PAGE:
Our TV and radio studios were busy days, nights, and weekends during the 1980s—as they are today. During the weekdays, courses in television and radio production filled the spaces and students' schedules. On nights and weekends, audio production for pre-recorded radio shows and live production for ICTVs cable programming made the facilities hum with activity. Since Ithaca does not have its own commercial TV station, ICTV serves the local community, covering news, elections, and programming such as kids' TV.
The Park School Today
In 1989, the School of Communications moved into a 79,000 square foot new building and was named the Roy H. Park School of Communications. Roy Park was the chairman of the college's Board of Trustees and the founder of Park Communications, a company based in Ithaca that included 41 small daily papers, seven television stations, and 19 radio stations.
Park Hall houses over $4 million total assets including state-of-the-art television studios; a sound stage; a remote TV broadcast truck; audio, radio, and photography studios; 14 media labs and classrooms; and a 200-seat auditorium with 4K projection. Our Park Portable Equipment Center contains a large variety of cameras, lighting, audio, and grip equipment that students use on shoots for films, documentaries, video segments, journalistic reports, and a variety of media projects. We are well equipped with more than 120 video cameras, 25 DSLR cameras, 30 film cameras, 40 film photo cameras, and 10 feature quality cinematic and 4K cameras. Equipment that leaves the building often resembles that of a major feature film, or a light and lean journalism kit, and everything in between. We support over 7,000 checkouts each year.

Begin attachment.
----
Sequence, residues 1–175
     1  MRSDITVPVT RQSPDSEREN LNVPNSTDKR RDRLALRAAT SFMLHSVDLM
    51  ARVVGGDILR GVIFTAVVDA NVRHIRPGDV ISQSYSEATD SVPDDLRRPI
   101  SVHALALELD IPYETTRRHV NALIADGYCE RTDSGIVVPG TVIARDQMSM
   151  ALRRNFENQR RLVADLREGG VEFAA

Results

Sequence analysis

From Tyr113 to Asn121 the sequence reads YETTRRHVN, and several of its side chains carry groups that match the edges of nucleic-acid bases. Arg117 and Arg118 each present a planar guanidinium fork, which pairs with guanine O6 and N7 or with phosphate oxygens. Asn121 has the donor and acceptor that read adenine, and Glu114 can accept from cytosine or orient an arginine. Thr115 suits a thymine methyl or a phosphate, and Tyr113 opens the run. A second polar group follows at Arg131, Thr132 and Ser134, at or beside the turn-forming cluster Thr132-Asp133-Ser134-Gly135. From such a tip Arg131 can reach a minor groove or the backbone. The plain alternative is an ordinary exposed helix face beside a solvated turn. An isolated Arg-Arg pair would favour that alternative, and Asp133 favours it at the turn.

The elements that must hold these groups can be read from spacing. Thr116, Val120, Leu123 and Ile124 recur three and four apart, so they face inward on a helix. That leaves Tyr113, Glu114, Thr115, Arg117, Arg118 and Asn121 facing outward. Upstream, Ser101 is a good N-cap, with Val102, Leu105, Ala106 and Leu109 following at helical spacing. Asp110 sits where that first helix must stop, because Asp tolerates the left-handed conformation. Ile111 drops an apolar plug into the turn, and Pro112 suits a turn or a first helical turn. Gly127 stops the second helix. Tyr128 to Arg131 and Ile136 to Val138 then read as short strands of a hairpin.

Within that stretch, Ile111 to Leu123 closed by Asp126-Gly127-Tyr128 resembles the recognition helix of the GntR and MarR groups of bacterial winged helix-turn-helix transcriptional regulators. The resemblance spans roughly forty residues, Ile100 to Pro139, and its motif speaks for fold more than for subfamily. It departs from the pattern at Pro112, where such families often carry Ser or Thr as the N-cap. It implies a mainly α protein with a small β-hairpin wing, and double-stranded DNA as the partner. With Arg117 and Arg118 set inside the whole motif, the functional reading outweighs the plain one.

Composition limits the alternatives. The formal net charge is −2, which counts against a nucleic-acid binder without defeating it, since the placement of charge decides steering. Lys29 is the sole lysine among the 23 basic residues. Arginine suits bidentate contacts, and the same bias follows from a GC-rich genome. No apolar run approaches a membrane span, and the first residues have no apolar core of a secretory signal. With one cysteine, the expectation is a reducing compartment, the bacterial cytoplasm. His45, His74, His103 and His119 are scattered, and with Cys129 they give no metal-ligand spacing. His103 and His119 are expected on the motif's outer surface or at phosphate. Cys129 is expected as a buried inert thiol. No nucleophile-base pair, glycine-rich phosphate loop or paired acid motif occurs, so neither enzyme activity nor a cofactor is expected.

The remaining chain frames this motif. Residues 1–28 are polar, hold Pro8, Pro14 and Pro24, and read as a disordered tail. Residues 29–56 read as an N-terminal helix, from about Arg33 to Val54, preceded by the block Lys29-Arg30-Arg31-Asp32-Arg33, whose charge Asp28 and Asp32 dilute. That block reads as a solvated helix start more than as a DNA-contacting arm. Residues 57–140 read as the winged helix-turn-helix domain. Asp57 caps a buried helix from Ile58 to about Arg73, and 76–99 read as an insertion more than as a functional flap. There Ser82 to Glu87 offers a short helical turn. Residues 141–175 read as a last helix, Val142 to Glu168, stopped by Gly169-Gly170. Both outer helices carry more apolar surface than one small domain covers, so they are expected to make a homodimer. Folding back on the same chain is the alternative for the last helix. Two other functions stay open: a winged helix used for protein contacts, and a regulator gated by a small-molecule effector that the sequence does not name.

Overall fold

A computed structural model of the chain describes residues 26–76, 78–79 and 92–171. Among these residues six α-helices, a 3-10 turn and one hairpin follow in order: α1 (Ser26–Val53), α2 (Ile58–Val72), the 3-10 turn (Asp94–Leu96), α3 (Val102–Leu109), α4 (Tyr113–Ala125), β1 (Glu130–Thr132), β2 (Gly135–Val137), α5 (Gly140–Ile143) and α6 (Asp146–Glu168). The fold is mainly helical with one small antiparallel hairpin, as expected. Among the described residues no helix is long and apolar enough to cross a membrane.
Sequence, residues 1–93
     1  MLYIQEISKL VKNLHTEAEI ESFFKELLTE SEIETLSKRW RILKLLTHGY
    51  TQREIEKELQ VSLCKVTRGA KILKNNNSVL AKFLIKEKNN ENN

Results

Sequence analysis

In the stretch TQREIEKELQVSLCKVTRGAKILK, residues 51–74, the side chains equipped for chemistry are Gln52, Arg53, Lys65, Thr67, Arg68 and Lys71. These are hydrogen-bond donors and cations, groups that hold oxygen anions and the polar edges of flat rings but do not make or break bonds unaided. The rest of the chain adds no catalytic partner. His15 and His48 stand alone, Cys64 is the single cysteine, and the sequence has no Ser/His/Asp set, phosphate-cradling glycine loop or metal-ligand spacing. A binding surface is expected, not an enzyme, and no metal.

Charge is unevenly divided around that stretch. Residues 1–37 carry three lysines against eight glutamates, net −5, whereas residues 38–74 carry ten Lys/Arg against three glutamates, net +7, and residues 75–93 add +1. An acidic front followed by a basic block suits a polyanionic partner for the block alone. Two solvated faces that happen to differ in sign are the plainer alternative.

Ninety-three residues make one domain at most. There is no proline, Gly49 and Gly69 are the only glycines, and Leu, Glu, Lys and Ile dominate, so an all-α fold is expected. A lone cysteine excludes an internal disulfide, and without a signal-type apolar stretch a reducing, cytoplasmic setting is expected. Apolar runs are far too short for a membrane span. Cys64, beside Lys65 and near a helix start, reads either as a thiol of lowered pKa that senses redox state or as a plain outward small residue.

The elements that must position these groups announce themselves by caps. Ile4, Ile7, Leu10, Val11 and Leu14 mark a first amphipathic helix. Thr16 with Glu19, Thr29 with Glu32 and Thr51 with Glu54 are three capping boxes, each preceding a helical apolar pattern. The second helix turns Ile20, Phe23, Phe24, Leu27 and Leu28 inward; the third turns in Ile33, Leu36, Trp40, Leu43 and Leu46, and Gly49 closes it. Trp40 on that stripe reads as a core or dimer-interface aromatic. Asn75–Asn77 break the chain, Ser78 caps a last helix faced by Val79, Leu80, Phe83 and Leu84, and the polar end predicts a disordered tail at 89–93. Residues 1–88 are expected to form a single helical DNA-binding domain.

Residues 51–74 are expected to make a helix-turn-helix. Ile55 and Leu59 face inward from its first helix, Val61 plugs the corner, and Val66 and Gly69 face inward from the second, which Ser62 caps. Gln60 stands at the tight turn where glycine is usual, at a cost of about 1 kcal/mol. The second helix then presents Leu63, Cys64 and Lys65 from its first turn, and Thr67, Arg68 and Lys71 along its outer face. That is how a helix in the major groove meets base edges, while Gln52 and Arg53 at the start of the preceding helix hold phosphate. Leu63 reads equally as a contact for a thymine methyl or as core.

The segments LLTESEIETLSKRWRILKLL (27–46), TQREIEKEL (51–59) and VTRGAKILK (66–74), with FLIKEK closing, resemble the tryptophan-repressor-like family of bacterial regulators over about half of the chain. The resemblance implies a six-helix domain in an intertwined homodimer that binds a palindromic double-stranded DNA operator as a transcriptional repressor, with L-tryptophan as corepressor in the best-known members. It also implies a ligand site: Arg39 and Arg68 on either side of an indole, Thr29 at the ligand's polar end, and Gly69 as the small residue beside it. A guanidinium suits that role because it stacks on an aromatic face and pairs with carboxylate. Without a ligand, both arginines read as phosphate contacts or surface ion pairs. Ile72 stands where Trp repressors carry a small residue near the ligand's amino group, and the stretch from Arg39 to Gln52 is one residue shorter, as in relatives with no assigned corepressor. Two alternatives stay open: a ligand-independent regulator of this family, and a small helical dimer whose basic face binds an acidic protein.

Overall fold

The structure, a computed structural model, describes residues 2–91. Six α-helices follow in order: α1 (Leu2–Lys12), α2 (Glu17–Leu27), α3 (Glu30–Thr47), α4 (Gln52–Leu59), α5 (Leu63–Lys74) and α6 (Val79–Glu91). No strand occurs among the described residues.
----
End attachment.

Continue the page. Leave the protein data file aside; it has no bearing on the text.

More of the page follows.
Our faculty members are experts in both their content areas and in teaching. We have a dynamic blend of Ph.D.'s who each year author internationally peer-reviewed articles and conference papers; media-makers whose work spans experimental and commercial genres and can be seen in film festivals, TV networks, and digital platforms; and researchers/consultants whose expertise directly impacts professional practice each year.